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Notre Dame Women's Basketball Prepares To Embark On New Journey

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Notre Dame will be favored to repeat as national champions in 2018-19.
Notre Dame will be favored to repeat as national champions in 2018-19. (Aaron Roster/USA TODAY Sports)

The 2017‑18 Notre Dame national champions had an epic journey. Now it’s time for more travel this summer in an attempt to become even better in 2018‑19.

Head coach Muffet McGraw and the Fighting Irish are allowed 10 practice days before embarking to Europe from July 31 to Aug. 9 in an exhibition tour allowed once every four years by the NCAA. The Irish will spend three days in Rome, Italy, three more in Split, Croatia, and the final three in Dubrovnik, Croatia, before returning.

The trip to Europe actually was supposed to occur last summer, but had to be cancelled because there weren’t enough healthy bodies to make it worthwhile and productive. Both senior starting forwards, All-American Brianna Turner and Kathryn Westbeld, were sidelined with injuries — which would result in a medical redshirt for Turner — and several others were nursing wounds. Furthermore, Ali Patberg and Erin Boley transferred to Indiana and Oregon, respectively, making the body count even smaller.

Now with 11 scholarship players, including four incoming freshmen, McGraw has an embarrassment of riches after scrapping through last season with merely seven scholarship players from the beginning of January.

“I have to get used to looking down the bench and realizing, ‘Hey, we have some guards!’” McGraw said with a laugh.

Avoiding complacency and learning how to effectively use a rotation again are going to be two of the primary adjustments for the Fighting Irish, the likely consensus preseason pick to repeat as national champions the way Connecticut was last year.

With the top four scorers returning — seniors Arike Ogunbowale (20.8 points per game) and Jessica Shepard (15.6), junior Jackie Young (14.5) and senior Marina Mabrey (14.4) — plus the addition of the two-time All-American Turner with sophomore forward Mikayla Vaughn, who had a strong start as a freshman before getting sidelined with an ACL tear (8.0 points and 4.3 rebounds in the six games she played), there is no team in the country that bests the Fighting Irish frontcourt and backcourt.

One of the first items on McGraw’s checklist, especially with a deeper bench, is incorporating 40 minutes of intense team defense. That will take some recalibration because of the way the Irish had to play last season, although the presence of Turner, one of the nation’s top shot blockers and inside forces, will significantly aid the defensive cause.

With only seven scholarship players last winter, the first goal was not to get anyone into foul trouble in the first half (defined as two fouls), so Notre Dame was willing to concede baskets — and then make a stronger push in the second half in an effort to survive and advance.

McGraw played probably the most zone ever in her 31-year Naismith Memorial Basketball Hall of Fame career with the Irish in an effort to protect the starters. That at times led to a “cruise control” mentality on defense while then letting their firepower on offense take command, especially in the second half.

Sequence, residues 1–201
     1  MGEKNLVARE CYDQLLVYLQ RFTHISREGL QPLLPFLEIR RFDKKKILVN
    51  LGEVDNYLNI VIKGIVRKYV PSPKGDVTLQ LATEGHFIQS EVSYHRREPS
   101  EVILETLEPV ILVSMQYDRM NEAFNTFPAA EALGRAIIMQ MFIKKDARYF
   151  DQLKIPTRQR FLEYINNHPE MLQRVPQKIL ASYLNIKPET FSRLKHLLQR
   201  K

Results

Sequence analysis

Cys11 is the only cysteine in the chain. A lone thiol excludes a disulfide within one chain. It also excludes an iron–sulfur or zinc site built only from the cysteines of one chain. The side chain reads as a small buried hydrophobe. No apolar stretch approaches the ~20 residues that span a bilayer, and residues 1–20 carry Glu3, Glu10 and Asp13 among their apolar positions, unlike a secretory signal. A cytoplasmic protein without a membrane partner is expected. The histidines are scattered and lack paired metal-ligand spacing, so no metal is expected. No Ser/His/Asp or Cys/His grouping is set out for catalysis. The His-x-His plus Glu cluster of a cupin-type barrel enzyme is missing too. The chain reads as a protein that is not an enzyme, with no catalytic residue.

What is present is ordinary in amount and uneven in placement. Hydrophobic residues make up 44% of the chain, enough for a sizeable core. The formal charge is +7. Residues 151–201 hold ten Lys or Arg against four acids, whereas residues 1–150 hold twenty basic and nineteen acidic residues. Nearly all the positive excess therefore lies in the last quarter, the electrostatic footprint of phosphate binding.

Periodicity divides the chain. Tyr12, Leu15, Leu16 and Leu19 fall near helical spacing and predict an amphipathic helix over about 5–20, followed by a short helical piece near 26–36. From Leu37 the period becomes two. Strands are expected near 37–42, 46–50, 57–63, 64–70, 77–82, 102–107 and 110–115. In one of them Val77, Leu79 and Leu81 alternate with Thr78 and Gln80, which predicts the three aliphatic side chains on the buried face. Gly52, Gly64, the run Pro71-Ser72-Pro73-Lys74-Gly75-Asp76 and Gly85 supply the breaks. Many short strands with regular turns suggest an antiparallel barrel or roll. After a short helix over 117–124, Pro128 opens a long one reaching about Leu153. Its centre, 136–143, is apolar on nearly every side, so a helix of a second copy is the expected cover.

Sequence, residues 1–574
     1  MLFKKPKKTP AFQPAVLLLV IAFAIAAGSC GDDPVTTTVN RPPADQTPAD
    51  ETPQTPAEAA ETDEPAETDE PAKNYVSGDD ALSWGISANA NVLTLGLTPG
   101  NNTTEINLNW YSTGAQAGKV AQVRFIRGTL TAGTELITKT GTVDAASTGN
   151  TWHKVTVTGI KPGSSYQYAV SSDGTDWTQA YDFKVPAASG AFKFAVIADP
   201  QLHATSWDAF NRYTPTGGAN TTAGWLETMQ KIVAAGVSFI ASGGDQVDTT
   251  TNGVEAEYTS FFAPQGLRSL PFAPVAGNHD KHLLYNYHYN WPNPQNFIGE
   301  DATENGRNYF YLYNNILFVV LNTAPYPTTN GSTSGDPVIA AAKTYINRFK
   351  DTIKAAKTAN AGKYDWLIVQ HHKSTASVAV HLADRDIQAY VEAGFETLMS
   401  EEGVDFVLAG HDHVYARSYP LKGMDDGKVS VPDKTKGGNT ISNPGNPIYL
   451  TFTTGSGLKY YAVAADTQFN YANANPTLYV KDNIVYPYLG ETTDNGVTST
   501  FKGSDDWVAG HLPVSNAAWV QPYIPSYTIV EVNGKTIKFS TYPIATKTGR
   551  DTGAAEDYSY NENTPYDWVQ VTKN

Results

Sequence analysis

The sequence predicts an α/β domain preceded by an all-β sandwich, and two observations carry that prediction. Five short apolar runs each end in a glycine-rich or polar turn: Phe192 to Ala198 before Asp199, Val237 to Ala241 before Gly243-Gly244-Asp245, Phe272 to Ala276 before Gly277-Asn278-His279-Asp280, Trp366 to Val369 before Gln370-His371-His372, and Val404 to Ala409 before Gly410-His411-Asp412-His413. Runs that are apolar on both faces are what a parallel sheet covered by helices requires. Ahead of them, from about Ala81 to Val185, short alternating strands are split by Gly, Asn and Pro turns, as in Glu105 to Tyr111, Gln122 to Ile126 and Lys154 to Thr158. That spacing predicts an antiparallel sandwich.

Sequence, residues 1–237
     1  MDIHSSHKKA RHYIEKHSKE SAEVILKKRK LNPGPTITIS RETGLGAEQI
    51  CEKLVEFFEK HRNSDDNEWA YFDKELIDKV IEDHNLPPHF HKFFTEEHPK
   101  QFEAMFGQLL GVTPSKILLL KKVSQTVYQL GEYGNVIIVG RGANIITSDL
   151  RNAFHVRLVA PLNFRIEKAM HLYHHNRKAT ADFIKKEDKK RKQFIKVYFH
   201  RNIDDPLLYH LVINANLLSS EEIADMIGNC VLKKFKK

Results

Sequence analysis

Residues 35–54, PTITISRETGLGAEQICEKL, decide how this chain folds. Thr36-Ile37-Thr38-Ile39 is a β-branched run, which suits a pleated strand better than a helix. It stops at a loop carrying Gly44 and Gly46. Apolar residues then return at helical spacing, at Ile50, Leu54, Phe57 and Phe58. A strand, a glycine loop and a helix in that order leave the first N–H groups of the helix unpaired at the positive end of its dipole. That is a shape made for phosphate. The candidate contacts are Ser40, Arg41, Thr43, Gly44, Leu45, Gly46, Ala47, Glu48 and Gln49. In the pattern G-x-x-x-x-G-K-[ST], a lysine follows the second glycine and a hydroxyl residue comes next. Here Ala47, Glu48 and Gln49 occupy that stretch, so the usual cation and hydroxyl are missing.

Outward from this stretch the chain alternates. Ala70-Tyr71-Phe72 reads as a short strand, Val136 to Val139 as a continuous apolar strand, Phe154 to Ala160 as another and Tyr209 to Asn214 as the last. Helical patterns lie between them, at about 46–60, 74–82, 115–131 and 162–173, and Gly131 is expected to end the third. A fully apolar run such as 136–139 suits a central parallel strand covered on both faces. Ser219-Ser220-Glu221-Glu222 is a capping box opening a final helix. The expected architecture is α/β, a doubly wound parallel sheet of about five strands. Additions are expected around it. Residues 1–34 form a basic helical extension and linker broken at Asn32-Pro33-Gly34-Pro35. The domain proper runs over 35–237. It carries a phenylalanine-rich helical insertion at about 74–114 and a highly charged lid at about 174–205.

That won’t be acceptable this year.

“Really it’s going to be more about defense and all the things we can do now that we couldn’t do before,” McGraw said of the preseason objectives. “Everything is going to be new defensively.”

Meanwhile, because of Patberg’s 2017 transfer, and season-ending injuries to the now graduated Mychal Johnson and Lili Thompson, Mabrey had to shift to point guard, which she had never played. The fiery and sharp-shooting Mabrey will remain in that starting role with newly crowned legend Ogunbowale and Young in the backcourt/wing, while Shepard and Turner provide a lethal one-two punch along the front line or high/low post.

Seeing how they coalesce without getting in each other’s way also will be assessed closely by the staff.

Freshman Jordan Nixon is the most natural point guard on the team and will see extensive action, while classmate Katlyn Gilbert — both McDonald’s All-Americans — also has played point but will be an off guard her first season, per McGraw. The trip provides an ideal opportunity to experiment.

“We’re going to look at a lot of combinations in Europe,” McGraw said. “It’s not going to be about, ‘Here’s my starting team, let’s see how they look.’ It’s going to be, ‘Here’s this team, here are these different five, and let’s see how they play together.’

“It’s not even about winning. They are like scrimmages, so you have a chance to evaluate, and hopefully the competition will be good enough so that we can at least learn something about ourselves.

“Getting Brianna back in is going to be important, and Mikayla as well. I will probably start different teams each game just so I can get that feel of, ‘Hey, Jordan, take over with the starters.’ I also want to see how Mikayla and ‘Bri’ work together. Then [sophomore forward] Danielle Patterson coming off a year where she learned a lot, where is she going to be in the mix?”

Interestingly, freshman wing Abby Prohaska and Nixon made the 12-woman cut for the 2018 U.S. Women’s U18 National Team that was to play in Mexico City in an eight-team international tournament. However, they forfeited their spots on the roster because the Aug. 1‑7 dates coincided with Notre Dame’s trip to Europe. (Anaya Peoples, a 2019 Irish commit, also made the roster and will play for Team USA because she is not yet enrolled at Notre Dame.)

Life on top of the women’s basketball world comes with many such decisions.


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